However, the garage work is just part of the physical movement we’ve done that frees up room for more ideas. I can count three other areas where we’ve made major changes for the first time in years—the house is beginning to feel very different.

Speaking of ideas, I had one a few weeks ago that didn’t involve words. In times of great emotion, sometimes words come too fast and seem to keep me too deeply anchored to the present and past. No, I don’t usually think in pictures but this time a fully-formed picture came to me that expressed where I’d been for far too long. I’m no great artist, as my daughter is, but I just knew that making a small crazy quilt project would be better than writing the same old things . . . blah, blah, blah, blah.

Just so you know, I’ve never made a crazy quilt before but have pieced together quilts. Also, somewhere in the really far past I did embroidery on 4-H projects. So I looked on the Internet and—voila—found a pattern perfect for my project—just as I had envisioned it. Then I scrambled through my scraps looking for just the right pieces—and at the same time got all the remaining scraps organized for future projects.

The top is now pieced together and waiting for me to have time to sit down and practice my embroidery skills a bit more—my first attempts showed me I am not quite ready for prime time, but I am close. Hope to share this completed project with the pattern’s designer and in a future blog post later this month. And, you know what? I do feel more hopeful about both my renewed embroidery efforts as well as most everything else in my life. Really—the picture I saw is starting to become reality.

What is next for me? Don’t know yet, but little by little, day by day, the future looks more like a picture at the end of a gallery than one hidden behind clutter in a garage. And that makes it easier to find a little focus—which is one more reason this summertime feels—if not easy—easier.

(c) 2013 Trina Lambert Planted by Woman.

(c) 2013 Trina Lambert
Planted by Woman.

Where has May gone? Well, I’ll tell you, I have spent much of May outside—it’s so good to be able to get out again, although I’m not that excited about weeding, pruning, and mowing. Thank goodness I can listen to books and music to get me through the less exciting stuff—yeah, I know, not very mindful, but I don’t think I’m quite ready to write “Zen and the Art of Lawn Work” as a follow-up to my “Zen and the Art of Snow Blowing” post.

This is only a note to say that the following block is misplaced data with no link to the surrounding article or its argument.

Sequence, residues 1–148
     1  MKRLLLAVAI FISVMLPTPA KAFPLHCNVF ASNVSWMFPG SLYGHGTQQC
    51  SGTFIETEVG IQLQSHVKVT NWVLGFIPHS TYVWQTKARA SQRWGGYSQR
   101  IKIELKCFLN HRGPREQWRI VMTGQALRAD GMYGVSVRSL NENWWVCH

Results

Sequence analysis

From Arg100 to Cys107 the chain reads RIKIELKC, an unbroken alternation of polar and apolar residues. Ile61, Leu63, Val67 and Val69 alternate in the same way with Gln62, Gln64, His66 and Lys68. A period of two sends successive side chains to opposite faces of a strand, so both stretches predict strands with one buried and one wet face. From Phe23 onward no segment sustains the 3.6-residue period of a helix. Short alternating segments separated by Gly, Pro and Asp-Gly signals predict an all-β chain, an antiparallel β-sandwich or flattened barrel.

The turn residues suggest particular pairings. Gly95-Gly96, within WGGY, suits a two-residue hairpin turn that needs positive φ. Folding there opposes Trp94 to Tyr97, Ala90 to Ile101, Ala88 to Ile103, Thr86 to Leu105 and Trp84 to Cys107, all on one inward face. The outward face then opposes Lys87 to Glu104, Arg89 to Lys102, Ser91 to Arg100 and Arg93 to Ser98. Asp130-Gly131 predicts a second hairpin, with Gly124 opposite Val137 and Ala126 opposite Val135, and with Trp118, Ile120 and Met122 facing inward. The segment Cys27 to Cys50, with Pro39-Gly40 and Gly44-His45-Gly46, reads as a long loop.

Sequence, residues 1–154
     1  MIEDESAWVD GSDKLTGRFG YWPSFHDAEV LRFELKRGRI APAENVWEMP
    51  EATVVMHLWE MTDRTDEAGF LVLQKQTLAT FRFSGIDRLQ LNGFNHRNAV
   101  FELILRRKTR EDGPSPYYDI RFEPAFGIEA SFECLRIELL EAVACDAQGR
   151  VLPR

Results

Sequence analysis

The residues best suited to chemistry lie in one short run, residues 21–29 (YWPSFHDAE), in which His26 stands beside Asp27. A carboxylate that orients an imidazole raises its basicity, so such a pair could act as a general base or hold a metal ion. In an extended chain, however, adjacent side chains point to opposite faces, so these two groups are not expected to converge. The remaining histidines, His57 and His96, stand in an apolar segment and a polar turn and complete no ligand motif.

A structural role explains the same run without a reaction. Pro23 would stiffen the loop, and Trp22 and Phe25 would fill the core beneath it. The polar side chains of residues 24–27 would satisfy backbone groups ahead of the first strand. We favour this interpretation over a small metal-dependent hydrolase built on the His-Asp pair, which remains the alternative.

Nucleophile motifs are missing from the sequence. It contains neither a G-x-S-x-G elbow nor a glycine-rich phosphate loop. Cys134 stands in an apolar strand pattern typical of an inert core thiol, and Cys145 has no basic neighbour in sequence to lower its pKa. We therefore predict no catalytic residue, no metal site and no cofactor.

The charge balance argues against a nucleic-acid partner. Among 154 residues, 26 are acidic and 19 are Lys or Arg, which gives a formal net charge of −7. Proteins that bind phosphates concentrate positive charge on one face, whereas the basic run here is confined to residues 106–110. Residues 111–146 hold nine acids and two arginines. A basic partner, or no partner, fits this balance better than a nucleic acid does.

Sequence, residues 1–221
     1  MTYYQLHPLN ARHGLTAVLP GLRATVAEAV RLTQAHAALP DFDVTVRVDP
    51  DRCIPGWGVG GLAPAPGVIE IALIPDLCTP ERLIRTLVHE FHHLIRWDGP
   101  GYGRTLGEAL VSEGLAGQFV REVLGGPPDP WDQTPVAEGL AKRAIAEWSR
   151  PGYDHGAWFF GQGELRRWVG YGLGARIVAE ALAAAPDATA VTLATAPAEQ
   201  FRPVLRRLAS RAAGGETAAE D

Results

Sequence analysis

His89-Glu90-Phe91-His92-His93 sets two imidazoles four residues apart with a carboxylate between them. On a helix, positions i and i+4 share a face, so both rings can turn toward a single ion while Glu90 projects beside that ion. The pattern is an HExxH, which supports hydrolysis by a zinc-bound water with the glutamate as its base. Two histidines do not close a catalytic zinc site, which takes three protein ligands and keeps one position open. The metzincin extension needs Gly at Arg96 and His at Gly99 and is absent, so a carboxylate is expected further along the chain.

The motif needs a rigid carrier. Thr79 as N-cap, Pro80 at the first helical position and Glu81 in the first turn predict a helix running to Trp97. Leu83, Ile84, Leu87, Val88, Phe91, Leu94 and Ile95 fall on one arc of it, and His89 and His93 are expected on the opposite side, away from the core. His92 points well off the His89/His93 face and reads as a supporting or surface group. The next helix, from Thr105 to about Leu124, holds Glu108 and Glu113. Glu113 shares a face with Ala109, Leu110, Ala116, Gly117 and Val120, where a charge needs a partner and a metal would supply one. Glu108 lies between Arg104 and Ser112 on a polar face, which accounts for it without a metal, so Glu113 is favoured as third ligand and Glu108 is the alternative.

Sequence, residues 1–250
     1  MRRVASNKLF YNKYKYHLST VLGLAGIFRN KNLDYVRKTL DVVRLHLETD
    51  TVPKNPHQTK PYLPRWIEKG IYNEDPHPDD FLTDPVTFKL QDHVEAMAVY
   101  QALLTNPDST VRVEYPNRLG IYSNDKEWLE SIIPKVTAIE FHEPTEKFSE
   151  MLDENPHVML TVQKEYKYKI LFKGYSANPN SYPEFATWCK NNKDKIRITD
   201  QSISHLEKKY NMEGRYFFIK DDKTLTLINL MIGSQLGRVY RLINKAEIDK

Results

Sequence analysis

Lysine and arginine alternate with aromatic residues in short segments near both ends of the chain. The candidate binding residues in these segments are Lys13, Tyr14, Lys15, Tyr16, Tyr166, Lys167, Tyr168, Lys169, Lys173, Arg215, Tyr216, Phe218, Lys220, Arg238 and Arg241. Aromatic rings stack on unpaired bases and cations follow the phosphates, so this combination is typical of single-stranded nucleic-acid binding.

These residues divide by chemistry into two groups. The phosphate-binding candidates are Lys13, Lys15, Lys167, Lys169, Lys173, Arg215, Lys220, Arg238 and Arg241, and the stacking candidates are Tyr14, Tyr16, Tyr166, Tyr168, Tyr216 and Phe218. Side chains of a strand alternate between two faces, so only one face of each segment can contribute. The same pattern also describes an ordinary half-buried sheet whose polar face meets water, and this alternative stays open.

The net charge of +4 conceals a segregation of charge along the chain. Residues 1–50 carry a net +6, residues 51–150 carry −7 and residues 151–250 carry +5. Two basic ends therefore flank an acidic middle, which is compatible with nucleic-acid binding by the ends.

My new neighbors have rarely seen me outside without headphones or ear buds—sheesh, am I becoming that remote person who disconnects from the world by using technology?

For the most part I’m just trying to con myself into doing what I consider boring work—hard to believe I come from long lines of farmers. I first started listening to books to get myself through organizing papers and doing my physical therapy exercise, so outside work is just one more place to use that tool. Since I spend most of my daytime hours alone, I have lots of time to think deep thoughts to myself anyway—a few hours listening to someone else’s thoughts doesn’t really inhibit my ability to formulate my own. I’ve never been a person who puts on music or the TV just to have background noise.

Our neighborhood can be pretty quiet on week day mornings and early afternoons, so it’s not as if I usually need to block out noise, unless someone’s using equipment my ears can’t stand, such as chainsaws, jackhammers, or leaf blowers. Still, I was really glad I was listening to a book without much outside sound interference when I realized I could still hear someone shouting—turns out some guy was just pontificating at great volume on his patio half a block away! Imagine if I hadn’t already been enjoying my book—planting my annuals would have been a lot less pleasant.

I really can plant annuals without needing to distract myself, but not so sure I would have weeded so thoroughly without a little help. This past weekend, I realized it would be folly to mow the grass before removing the weeds—no need to disburse any more weed seeds by mowing off the tops. By the time my story on the library’s Playaway system had ended, I was only about half done. As tempted as I was to run to the library for another book, I switched to the iPod instead to listen to some of my favorite “chore” tunes.